256 US 632 United States v. Woodward
256 U.S. 632
41 S.Ct. 615
65 L.Ed. 1131
WOODWARD et al.
Argued April 18, 1921.
Decided June 6, 1921.
Messrs. Solicitor General Frierson and Frank Davis, Jr., of Columbus, Ohio, for the United States.
Mr. E. J. Smyer, of Birmingham, Ala., for appellees.
Mr. Justice VAN DEVANTER delivered the opinion of the Court.
This is an appeal from a judgment in favor of the executors of Joseph H. Woodward, deceased, for money claimed to have been erroneously exacted from them as a tax on the income of his estate while in their hands.
The testator died December 15, 1917. The Revenue Act of 19161 'imposed upon the transfer of the net estate of every decedent' dying thereafter a tax which it called an 'estate tax.' The act fixed the amount of the tax at a named percentage 'of the value of the net estate,' made the tax a lien upon the 'entire gross estate,' required that it be paid 'out of the estate' before distribution, declared that it should 'be due one year after the decedent's death,' charged the executor or administrator with the duty of paying it, and declared that the receipt therefor should entitle him to a credit for the amount in the usual settlement of his accounts. Under that act these executors were required to pay an estate tax of $489,834.07. The tax became due December 15, 1918, and they paid it February 8, 1919. Shortly thereafter the executors made a return, under the Revenue Act of 1918,2 of the income of the testator's estate for the taxable year 1918 and claimed in the return that in ascertaining the net income for that year the estate tax of $489,834.07 should be deducted. The Commissioner of Internal Revenue refused to allow the deduction and assessed an income tax of $165,075.78 against the estate. Had the deduction been allowed, there would have been no taxable net income for that year, and no part of the $165,075.78 would have been collectible. Payment of that sum, as so assessed, was pressed on the executors, and they paid it under duress. Then, after taking the necessary steps to entitle them to do so, they brought this suit in the Court of Claims to recover the money thus exacted from them.
The sole question for decision is: Was the estate tax paid by the executors, and claimed by them as a deduction in the income tax return for the year 1918, an allowable deduction in ascertaining the net taxable income of the estate for that year? The Court of Claims held that it was.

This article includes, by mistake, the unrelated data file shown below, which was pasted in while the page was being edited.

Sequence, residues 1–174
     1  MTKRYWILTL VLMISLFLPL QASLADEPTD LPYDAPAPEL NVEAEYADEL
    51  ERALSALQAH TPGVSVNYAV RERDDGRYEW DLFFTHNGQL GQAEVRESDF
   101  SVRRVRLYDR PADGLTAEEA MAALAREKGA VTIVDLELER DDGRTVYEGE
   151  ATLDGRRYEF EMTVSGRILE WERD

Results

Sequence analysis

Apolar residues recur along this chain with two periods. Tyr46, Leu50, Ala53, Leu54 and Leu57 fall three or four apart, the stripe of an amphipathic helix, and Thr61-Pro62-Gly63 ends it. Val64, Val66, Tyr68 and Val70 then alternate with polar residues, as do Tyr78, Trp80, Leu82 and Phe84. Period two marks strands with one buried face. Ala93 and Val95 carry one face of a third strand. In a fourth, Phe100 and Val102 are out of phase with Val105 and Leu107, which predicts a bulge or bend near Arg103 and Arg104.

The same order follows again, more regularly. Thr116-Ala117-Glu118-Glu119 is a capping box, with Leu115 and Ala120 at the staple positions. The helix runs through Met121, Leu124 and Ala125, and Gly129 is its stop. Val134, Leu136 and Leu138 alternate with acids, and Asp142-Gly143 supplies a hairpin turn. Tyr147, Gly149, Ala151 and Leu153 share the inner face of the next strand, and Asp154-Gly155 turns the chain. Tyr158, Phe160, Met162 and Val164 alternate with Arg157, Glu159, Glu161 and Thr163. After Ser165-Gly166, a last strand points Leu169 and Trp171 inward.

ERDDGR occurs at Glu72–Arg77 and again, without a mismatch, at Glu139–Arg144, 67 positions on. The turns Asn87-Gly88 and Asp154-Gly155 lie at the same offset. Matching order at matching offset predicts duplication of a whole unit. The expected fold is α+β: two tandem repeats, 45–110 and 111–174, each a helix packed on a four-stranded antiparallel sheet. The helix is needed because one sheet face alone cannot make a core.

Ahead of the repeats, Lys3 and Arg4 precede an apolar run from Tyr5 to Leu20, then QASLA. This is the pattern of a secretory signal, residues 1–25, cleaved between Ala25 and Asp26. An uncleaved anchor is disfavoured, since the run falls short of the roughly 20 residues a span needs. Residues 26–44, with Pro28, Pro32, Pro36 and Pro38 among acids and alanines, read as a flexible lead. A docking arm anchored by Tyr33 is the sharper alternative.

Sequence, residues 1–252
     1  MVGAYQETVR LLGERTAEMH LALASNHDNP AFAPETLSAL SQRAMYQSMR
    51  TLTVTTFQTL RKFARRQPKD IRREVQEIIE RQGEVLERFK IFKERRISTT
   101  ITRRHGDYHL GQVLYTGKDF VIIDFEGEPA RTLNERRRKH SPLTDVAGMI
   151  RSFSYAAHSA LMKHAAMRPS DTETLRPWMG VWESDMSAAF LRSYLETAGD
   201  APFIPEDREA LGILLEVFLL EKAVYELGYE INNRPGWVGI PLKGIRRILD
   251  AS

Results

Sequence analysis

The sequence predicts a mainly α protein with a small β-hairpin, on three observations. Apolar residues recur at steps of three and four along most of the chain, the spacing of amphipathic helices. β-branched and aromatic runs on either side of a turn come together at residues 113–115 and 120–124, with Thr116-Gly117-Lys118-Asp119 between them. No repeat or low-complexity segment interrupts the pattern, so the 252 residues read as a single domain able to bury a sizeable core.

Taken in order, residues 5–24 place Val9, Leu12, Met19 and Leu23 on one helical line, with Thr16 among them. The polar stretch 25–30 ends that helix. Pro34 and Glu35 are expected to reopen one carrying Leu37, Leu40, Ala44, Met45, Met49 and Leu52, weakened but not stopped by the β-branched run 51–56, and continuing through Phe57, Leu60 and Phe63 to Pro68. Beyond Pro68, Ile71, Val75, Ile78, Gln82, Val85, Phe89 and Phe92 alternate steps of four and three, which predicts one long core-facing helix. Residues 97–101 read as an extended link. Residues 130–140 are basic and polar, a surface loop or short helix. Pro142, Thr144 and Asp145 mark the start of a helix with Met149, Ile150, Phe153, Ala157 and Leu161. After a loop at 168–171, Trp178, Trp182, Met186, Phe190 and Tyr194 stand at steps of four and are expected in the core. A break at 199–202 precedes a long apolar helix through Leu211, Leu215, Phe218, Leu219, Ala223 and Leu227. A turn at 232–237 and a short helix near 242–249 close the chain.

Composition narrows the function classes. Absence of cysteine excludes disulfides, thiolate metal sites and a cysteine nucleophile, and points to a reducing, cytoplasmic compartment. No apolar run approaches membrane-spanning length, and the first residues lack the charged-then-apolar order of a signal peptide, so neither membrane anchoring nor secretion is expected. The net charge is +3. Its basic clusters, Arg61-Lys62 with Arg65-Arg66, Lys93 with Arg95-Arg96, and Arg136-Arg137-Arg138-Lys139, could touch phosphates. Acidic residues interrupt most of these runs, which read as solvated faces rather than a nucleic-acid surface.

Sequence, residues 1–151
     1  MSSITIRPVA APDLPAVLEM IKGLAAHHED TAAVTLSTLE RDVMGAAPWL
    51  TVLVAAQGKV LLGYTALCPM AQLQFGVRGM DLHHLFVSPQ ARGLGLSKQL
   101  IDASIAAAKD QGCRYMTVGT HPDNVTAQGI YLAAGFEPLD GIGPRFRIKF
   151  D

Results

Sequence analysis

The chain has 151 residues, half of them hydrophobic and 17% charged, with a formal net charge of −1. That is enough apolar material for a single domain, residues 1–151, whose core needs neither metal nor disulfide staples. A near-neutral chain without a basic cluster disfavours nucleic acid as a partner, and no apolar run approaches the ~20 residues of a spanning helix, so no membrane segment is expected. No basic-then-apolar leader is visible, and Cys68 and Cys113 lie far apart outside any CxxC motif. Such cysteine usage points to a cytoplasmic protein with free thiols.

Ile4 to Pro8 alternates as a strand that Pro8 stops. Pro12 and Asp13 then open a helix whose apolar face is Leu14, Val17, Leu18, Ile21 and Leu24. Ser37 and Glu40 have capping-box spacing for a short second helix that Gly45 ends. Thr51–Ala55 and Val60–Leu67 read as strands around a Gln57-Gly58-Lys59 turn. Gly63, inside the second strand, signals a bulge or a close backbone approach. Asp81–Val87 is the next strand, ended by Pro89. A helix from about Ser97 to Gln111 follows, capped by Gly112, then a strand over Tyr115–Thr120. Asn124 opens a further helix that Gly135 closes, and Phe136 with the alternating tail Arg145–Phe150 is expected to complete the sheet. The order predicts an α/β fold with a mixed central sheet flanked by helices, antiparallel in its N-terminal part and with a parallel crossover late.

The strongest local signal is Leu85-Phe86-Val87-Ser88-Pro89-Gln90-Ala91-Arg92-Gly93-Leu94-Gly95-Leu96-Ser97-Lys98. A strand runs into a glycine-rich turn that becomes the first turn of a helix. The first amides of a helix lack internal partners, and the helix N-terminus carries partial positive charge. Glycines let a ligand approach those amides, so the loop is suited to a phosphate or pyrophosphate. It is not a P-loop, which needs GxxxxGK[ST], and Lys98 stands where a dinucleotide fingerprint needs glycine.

The solution of the question turns entirely upon the statutory provisions under which the two taxes were severally collected. The act of 1918, by sections 210, 211 and 219, subjects the net income 'received by estates of deceased persons during the period of administration or settlement' to an income tax measured by fixed percentages thereof, by sections 212 and 219 requires that the net income be ascertained by taking the gross income, as defined in section 213, and making the deductions named in section 214, and by section 214 makes express provision for the deduction of 'taxes paid or accrued within the taxable year imposed (a) by the authority of the United States, except income, war profits and excess profits taxes.' This last provision is the important one here. It is not ambiguous, but explicit, and leaves little room for construction. The words of its major clause are comprehensive and include every tax which is charged against the estate by the authority of the United States. The excepting clause specifically enumerates what is to be excepted. The implication from the latter is that the taxes which it enumerates would be within the major clause were they not expressly excepted, and also that there was no purpose to except any others. Estate taxes were as well known at the time the provision was framed as the ones particularly excepted. Indeed, the same act, by sections 400-410 (Comp. St. Ann. Supp. 1919, §§ 6336 3/4 a-6336 3/4 k), expressly provides for their continued imposition and enforcement. Thus their omission from the excepting clause means that Congress did not intend to except them.
The act of 1916 calls the estate tax a 'tax' and particularly denominates it an 'estate tax.' This court recently has recognized that it is a duty or excise and is imposed in the exertion of the taxing power of the United States. New York Trust Co. v. Eisner, 256 U. S. 345, 41 Sup. Ct. 506, 65 L. Ed. ——. It is made a charge on the estate and is to be paid out of it by the administrator or executor substantially as other taxes and charges are paid. It becomes due not at the time of the decedent's death, as suggested by counsel for the government, but one year thereafter, as the statute plainly provides. It does not segregate any part of the estate from the rest and keep it from passing to the administrator or executor for purposes of administration, as counsel contend, but is made a general charge on the gross estate and is to be paid in money out of any available funds, or, if there be none, by converting other property into money for the purpose.
Here the estate tax not only 'accrued,' which means became due, during the taxable year of 1918, but it was paid before the income for that year was returned or required to be returned. When the return was made the executors claimed a deduction by reason of that tax. We hold that under the terms of the act of 1918 the deduction should have been allowed.
Chapter 463, title II, 39 Stat. 777 (Comp. St. §§ 6336 1/2 a-6336 1/2 m); chapter 159, title III, 39 Stat. 1002 (Comp. St. 1918, Comp. St. Ann. Supp. 1919, §§ 6336 1/2 b, 6336 1/2 bb); chapter 63, title IX, 40 Stat. 324 (Comp. St. 1918, Comp. St. Ann. Supp. 1919, §§ 6336 1/2 bbb, 6336 1/2 bbbb).
Chapter 18, title II, §§ 210-214, 219, 1405, 40 Stat. 1062-1067, 1071, 1151 (Comp. St. Ann. Supp. 1919, §§ 6336 1/8 e-6336 1/8 g, 6336 1/8 ii, 6371 3/4 c).